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Am J Respir Crit Care Med. 1999 Jul;160(1):50-6.

Neuropsychological sequelae and impaired health status in survivors of severe acute respiratory distress syndrome.

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Department of Medicine, Pulmonary and Critical Care Divisions, LDS Hospital, Salt Lake City, Utah, USA.


Acute respiratory distress syndrome (ARDS) is a disease of acute respiratory failure manifested by severe hypoxemia with a high mortality rate. Previous outcome studies of ARDS have assessed survival and/or pulmonary function as the primary outcome variables. Cognitive or psychological outcomes following ARDS have not been described, despite the possibility that ARDS patients are at risk for brain injury through hypoxemia or other mechanisms. In the current study 55 consecutive ARDS survivors completed a battery of neuropsychological tests and questionnaires regarding health status, cognitive and psychological outcomes at the time of hospital discharge and 1 yr after onset of ARDS. At hospital discharge, 100% (55 of 55) of survivors exhibited cognitive and affective impairments, as well as problems with health status which affected their quality of life. At 1 yr after ARDS, 17 of 55 (30%) patients still exhibited generalized cognitive decline. Forty-three of 55 (78%) patients had all or at least one of the following: impaired memory, attention, concentration and/or decreased mental processing speed. One year after ARDS a substantial portion of ARDS survivors exhibit impaired health status and cognitive sequelae which may be due to hypoxemia, emboli, inflammation, drug toxicity, and/or other etiologies.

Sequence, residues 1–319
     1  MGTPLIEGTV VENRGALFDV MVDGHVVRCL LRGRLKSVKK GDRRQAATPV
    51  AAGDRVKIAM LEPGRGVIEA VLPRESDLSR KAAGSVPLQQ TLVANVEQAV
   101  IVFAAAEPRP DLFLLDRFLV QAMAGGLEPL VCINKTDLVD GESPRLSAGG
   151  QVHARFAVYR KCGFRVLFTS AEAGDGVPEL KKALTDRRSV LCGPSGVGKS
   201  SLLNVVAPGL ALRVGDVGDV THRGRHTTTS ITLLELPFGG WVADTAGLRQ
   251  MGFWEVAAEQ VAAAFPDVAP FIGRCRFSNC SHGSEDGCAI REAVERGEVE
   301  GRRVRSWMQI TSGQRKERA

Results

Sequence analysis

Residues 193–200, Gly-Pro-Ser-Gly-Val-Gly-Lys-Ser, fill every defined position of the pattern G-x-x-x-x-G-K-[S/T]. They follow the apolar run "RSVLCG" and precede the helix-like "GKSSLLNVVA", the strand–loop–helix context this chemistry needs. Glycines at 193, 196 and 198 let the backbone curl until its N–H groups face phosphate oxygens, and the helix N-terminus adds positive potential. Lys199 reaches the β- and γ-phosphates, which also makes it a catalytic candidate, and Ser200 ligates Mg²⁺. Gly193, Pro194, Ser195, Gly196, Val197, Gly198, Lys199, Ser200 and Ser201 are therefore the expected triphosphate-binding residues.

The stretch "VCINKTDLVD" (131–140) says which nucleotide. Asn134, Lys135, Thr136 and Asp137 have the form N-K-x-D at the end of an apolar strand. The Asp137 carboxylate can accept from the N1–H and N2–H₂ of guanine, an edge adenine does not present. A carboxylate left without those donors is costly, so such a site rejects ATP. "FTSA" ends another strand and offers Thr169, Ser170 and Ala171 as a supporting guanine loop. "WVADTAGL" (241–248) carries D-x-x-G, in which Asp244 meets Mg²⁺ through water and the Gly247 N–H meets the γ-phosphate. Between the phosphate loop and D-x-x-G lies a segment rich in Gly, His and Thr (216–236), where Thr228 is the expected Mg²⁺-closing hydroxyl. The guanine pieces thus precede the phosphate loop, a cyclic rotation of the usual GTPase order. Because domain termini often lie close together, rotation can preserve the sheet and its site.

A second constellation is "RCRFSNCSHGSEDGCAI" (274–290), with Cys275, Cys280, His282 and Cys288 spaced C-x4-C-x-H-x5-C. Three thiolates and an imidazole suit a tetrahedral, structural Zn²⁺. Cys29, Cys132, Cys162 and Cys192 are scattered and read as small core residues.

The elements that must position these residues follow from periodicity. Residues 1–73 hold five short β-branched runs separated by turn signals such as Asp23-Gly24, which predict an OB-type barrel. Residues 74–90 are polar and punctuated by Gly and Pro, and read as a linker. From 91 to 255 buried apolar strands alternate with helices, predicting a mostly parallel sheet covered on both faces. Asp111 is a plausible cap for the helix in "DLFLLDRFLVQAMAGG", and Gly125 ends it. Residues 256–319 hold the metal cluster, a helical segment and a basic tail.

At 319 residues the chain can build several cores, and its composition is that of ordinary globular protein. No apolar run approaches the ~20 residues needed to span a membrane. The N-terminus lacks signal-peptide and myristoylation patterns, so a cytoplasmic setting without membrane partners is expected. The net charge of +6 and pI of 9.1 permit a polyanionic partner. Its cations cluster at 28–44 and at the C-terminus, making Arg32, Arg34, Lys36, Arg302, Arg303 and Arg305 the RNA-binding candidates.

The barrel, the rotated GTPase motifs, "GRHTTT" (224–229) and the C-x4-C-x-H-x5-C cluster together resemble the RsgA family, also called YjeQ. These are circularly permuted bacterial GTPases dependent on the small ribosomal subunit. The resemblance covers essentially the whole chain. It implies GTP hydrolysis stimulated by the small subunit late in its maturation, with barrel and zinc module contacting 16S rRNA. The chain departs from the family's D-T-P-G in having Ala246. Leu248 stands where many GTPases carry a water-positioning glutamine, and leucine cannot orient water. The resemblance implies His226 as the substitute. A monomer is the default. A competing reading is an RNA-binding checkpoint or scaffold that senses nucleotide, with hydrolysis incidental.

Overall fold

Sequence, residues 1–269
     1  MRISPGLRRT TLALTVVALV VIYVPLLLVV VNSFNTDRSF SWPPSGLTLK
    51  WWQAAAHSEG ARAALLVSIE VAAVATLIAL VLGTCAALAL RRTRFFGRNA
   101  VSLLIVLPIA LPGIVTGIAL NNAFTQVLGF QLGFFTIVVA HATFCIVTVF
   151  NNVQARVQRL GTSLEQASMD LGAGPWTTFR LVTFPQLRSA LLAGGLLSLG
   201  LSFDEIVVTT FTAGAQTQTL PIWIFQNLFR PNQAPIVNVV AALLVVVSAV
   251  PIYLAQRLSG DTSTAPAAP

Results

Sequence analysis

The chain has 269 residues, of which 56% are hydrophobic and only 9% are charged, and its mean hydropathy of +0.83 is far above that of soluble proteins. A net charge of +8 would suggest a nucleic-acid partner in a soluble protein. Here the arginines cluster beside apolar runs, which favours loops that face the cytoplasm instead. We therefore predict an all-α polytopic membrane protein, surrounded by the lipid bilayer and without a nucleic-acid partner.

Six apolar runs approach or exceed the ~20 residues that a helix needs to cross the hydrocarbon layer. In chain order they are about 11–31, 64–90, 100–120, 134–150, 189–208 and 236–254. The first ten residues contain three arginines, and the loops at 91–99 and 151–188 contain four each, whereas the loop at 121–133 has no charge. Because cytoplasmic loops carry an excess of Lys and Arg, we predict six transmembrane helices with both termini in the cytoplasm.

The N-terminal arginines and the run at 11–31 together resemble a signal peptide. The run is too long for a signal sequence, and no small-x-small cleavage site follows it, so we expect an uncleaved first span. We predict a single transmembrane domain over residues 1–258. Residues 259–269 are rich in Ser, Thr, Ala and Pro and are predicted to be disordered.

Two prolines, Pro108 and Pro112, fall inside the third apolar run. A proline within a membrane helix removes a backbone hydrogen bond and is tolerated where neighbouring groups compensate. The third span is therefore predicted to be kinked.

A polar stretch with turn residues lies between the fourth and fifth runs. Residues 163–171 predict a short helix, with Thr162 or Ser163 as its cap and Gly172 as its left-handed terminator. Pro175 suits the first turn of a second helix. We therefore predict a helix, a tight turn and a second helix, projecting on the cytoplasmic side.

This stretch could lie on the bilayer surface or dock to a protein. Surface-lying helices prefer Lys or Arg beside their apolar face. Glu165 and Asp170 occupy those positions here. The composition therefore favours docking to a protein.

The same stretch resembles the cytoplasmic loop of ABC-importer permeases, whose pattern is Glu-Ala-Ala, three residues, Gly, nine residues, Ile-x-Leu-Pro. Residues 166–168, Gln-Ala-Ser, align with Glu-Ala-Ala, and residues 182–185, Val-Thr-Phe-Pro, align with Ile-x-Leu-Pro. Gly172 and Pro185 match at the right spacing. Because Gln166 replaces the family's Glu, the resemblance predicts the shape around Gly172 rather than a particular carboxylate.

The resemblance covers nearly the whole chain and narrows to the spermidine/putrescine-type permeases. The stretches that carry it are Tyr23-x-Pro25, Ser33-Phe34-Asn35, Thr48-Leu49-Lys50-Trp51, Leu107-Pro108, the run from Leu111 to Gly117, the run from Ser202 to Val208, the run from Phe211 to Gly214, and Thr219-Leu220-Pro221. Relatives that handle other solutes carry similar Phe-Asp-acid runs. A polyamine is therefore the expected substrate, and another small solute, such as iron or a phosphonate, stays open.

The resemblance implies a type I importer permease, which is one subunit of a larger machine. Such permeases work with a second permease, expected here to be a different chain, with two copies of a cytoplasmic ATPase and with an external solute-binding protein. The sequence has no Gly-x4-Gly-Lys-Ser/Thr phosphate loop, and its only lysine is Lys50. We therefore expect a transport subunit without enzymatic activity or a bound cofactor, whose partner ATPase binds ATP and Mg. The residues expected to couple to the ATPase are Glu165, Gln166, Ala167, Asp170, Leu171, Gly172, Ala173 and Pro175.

[Indexed for MEDLINE]

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